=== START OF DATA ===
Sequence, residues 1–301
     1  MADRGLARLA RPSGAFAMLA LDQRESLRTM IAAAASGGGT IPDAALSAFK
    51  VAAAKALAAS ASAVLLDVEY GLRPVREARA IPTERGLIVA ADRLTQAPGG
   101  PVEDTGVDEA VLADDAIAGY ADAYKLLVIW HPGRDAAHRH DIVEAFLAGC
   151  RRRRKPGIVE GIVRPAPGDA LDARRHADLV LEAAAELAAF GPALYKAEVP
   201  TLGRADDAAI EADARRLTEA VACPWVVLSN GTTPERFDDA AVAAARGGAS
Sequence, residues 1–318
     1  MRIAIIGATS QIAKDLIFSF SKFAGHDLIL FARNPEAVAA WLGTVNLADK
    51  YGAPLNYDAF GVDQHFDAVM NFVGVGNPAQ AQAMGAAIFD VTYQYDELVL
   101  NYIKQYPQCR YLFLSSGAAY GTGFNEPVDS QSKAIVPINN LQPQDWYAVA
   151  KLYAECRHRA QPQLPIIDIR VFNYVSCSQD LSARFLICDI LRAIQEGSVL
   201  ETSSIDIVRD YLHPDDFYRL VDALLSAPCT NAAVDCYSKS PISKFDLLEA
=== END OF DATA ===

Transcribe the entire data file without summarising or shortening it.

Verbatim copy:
Sequence, residues 1–301
     1  MADRGLARLA RPSGAFAMLA LDQRESLRTM IAAAASGGGT IPDAALSAFK
    51  VAAAKALAAS ASAVLLDVEY GLRPVREARA IPTERGLIVA ADRLTQAPGG
   101  PVEDTGVDEA VLADDAIAGY ADAYKLLVIW HPGRDAAHRH DIVEAFLAGC
   151  RRRRKPGIVE GIVRPAPGDA LDARRHADLV LEAAAELAAF GPALYKAEVP
   201  TLGRADDAAI EADARRLTEA VACPWVVLSN GTTPERFDDA AVAAARGGAS
Sequence, residues 1–318
     1  MRIAIIGATS QIAKDLIFSF SKFAGHDLIL FARNPEAVAA WLGTVNLADK
    51  YGAPLNYDAF GVDQHFDAVM NFVGVGNPAQ AQAMGAAIFD VTYQYDELVL
   101  NYIKQYPQCR YLFLSSGAAY GTGFNEPVDS QSKAIVPINN LQPQDWYAVA
   151  KLYAECRHRA QPQLPIIDIR VFNYVSCSQD LSARFLICDI LRAIQEGSVL
   201  ETSSIDIVRD YLHPDDFYRL VDALLSAPCT NAAVDCYSKS PISKFDLLEA